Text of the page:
South Korean fox crossed into North Korea, Seoul says

The fox had safely crossed the mine fields of the demilitarized zone that divides North and South.
By Elizabeth Shim Contact the Author   |   Updated Feb. 1, 2016 at 2:55 PM
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SEOUL, Feb. 1 (UPI) -- A fox released into the wild in South Korea crossed into the North beyond the heavily fortified border of the demilitarized zone, Seoul's National Park Service said.

The fox was one of ten in a pack returned to South Korea's Sobaek Mountains, and was part of a program to restore the endangered species, local television network SBS reported.

Each fox was tagged with a GPS tracking device before they were released in September 2014, and most foxes stayed within a 2-3 mile radius of their release point.

But one vixen broke ranks with the group.

According to her GPS tracking device, sometime between late 2014 and April 2015, the fox had made it as far as the hills near the North Korean industrial complex of Kaesong, where North and South run jointly operated factories.

The fox had traveled more than 120 miles, South Korean television network KBS reported, bypassing the no-man's land of DMZ mine fields that lie between the two Koreas, still technically at war since 1953.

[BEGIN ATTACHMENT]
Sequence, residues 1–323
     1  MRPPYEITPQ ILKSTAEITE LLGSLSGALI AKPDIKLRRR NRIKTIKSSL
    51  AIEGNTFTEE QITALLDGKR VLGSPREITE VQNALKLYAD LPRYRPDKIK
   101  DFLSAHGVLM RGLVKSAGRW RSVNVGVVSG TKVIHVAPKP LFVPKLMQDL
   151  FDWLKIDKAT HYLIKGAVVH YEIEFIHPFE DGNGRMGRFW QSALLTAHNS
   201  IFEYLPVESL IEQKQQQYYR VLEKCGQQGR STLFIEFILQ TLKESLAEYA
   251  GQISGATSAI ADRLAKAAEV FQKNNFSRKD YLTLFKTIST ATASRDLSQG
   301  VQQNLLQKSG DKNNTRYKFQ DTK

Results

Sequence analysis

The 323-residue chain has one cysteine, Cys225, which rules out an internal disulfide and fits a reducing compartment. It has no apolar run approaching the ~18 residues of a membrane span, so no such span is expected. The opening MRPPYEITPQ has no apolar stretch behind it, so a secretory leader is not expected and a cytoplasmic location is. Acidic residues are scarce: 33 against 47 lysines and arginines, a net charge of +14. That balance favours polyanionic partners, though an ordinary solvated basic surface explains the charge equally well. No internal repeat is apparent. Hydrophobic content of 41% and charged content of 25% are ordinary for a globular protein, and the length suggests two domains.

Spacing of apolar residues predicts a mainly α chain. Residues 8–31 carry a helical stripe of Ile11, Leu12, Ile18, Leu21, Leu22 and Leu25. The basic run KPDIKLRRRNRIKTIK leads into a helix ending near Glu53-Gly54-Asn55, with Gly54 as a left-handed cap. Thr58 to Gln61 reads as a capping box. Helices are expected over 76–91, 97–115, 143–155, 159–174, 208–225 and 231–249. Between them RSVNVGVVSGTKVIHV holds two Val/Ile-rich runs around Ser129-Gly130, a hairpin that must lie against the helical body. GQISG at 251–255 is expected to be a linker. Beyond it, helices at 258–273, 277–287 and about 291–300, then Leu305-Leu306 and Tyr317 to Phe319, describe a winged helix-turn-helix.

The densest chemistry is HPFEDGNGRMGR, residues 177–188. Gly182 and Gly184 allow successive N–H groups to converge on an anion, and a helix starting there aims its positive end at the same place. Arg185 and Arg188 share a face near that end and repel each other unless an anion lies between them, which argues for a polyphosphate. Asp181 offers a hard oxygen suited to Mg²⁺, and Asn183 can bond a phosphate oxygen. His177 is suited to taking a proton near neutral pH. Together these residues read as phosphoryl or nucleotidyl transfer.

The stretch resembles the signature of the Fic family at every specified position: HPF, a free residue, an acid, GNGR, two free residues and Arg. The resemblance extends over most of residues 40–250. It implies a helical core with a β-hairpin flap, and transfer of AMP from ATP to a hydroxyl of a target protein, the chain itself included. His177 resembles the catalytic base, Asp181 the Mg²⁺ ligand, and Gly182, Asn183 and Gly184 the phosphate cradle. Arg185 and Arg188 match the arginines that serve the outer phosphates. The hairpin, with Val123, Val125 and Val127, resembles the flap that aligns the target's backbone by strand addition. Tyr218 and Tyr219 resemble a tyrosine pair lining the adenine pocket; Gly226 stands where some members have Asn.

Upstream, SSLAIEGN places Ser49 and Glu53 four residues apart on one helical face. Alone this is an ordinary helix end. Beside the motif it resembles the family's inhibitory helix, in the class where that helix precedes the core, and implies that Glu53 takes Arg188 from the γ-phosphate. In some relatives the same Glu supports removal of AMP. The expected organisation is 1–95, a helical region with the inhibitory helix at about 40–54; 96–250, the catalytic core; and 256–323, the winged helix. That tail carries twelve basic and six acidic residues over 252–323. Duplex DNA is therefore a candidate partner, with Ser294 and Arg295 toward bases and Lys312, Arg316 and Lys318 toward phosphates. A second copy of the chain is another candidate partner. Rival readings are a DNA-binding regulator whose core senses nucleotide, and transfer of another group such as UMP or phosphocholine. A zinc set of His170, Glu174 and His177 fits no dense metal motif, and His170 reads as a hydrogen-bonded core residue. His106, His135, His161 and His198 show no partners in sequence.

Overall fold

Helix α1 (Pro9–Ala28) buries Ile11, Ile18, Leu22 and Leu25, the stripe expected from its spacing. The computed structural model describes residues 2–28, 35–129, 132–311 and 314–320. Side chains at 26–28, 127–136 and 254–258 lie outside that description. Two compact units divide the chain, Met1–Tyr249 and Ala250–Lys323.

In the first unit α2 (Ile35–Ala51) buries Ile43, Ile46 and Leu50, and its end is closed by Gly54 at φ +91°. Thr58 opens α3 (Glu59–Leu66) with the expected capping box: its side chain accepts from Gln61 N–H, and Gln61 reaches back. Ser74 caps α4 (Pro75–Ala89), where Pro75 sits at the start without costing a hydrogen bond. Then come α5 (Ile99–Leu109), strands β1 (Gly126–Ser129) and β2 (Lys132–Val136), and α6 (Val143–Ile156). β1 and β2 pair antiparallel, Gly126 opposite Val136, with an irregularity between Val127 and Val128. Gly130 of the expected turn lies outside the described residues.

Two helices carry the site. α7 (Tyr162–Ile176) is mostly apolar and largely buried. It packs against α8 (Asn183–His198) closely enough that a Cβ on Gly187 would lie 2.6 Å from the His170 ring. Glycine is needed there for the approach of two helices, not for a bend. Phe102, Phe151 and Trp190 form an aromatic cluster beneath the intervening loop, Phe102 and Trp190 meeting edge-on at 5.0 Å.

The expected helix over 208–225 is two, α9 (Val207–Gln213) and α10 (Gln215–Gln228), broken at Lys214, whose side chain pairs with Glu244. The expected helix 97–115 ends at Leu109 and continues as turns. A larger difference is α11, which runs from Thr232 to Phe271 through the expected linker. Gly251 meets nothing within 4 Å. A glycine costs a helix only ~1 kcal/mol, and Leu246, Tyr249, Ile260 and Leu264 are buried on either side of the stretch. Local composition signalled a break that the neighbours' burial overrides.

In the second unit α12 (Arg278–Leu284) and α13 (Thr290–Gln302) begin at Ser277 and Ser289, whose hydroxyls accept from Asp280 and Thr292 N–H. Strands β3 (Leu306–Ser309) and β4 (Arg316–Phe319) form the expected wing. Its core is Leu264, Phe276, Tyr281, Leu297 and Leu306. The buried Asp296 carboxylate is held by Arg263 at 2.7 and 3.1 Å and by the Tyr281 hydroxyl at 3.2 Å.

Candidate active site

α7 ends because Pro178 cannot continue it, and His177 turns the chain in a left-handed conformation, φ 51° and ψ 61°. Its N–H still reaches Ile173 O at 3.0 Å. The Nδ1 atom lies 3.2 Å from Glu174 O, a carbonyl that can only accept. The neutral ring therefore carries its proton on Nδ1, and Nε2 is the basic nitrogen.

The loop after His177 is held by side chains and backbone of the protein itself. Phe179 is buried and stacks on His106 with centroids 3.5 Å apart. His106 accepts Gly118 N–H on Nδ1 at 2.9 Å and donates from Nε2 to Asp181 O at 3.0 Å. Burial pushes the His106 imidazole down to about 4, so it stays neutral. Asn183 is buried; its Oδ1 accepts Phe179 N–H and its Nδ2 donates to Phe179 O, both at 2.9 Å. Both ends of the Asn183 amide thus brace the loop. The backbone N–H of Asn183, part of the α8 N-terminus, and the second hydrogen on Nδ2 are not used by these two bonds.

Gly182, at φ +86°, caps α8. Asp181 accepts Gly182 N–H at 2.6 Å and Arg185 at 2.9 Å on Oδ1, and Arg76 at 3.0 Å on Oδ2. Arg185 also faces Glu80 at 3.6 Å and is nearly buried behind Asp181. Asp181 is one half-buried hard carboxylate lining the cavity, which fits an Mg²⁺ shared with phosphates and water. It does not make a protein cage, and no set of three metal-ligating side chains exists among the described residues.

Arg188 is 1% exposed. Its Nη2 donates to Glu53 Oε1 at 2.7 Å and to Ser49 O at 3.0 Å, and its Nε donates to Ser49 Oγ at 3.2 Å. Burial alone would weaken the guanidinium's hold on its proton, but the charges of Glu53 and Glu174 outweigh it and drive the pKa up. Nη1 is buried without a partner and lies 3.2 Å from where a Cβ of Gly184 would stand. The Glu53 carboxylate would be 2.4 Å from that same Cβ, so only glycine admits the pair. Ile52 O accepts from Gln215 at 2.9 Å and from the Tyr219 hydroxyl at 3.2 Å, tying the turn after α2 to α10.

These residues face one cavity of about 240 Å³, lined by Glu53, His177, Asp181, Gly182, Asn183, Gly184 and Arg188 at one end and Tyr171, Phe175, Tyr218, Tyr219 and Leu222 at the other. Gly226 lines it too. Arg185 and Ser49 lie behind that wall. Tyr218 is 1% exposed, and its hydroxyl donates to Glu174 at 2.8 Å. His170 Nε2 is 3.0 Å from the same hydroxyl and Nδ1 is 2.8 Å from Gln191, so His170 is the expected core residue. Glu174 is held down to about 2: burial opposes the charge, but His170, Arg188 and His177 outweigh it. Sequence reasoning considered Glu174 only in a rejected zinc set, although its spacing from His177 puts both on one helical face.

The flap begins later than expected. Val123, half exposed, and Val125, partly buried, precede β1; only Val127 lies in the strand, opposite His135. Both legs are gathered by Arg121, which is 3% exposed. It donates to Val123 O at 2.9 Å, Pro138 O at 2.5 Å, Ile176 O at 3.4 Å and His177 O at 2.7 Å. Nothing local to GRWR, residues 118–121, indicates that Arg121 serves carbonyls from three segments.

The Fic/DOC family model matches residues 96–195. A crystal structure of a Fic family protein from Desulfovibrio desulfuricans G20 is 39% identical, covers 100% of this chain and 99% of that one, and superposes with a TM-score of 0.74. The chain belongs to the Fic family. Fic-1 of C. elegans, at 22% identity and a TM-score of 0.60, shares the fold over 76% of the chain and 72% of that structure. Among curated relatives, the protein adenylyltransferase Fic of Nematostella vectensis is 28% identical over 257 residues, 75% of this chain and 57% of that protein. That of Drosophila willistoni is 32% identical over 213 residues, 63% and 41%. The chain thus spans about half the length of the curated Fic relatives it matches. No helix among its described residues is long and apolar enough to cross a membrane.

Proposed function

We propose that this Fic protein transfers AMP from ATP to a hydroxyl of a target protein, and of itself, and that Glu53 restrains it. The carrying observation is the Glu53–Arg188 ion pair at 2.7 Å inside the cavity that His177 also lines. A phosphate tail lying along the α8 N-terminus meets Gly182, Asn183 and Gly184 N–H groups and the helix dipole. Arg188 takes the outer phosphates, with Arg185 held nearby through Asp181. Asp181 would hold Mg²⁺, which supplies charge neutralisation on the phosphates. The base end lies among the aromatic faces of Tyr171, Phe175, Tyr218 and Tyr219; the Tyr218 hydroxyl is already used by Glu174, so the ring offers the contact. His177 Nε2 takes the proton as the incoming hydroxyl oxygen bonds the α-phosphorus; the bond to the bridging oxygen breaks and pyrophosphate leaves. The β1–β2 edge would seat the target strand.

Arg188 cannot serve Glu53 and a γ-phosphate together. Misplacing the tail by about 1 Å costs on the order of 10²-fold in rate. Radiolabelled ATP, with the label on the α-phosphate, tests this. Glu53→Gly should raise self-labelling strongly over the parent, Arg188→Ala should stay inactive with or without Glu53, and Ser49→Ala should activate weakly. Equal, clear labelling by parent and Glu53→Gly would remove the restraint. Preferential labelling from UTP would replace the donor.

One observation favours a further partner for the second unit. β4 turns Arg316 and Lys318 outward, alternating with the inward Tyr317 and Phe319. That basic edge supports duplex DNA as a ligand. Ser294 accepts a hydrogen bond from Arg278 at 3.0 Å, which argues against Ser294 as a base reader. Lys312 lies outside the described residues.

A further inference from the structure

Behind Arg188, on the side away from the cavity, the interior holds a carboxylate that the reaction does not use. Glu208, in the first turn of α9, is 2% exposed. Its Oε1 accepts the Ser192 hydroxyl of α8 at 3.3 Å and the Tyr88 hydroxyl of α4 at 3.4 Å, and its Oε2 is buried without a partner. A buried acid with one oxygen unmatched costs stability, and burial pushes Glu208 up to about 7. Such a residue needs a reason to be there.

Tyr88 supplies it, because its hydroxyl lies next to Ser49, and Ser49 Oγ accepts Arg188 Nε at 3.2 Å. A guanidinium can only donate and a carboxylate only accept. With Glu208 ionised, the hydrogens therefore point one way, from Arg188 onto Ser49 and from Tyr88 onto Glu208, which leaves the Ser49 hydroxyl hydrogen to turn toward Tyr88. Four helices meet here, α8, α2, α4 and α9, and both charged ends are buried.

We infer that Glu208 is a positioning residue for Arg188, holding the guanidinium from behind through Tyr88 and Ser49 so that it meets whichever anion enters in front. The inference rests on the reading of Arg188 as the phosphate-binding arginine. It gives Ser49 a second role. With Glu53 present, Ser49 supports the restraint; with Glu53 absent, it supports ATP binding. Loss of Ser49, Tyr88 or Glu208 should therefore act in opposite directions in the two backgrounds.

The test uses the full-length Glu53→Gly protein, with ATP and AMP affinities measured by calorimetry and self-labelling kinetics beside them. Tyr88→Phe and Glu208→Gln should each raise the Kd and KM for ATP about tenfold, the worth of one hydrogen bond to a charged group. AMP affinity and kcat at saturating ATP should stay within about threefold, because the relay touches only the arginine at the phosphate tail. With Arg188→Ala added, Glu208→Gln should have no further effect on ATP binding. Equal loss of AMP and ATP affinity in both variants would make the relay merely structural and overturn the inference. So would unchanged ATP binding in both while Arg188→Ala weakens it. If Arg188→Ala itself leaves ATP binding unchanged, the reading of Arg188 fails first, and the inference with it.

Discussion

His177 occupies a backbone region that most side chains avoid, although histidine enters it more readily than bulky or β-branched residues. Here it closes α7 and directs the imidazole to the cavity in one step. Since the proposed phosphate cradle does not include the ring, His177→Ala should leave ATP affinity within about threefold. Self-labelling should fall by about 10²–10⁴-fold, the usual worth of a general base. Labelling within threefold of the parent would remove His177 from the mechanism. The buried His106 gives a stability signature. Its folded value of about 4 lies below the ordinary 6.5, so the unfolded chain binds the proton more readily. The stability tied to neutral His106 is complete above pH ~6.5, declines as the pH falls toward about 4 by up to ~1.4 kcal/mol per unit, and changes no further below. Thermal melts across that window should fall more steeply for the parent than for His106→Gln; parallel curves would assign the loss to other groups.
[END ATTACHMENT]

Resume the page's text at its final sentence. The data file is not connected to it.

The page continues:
The last signal from the animal's tracking device was transmitted on April 18, 2015, when it is likely the battery on the equipment was depleted.

The fox, however, could have been taking a route "home."

South Korean media reported the animal was procured in the northeastern Chinese province of Heilongjiang, which lies north of North Korea.

Two of the remaining nine foxes were returned to captivity, Seoul's Environment Ministry said, because they could not adapt to the wild, and another two have gone missing after the batteries died on their GPS tracking devices.

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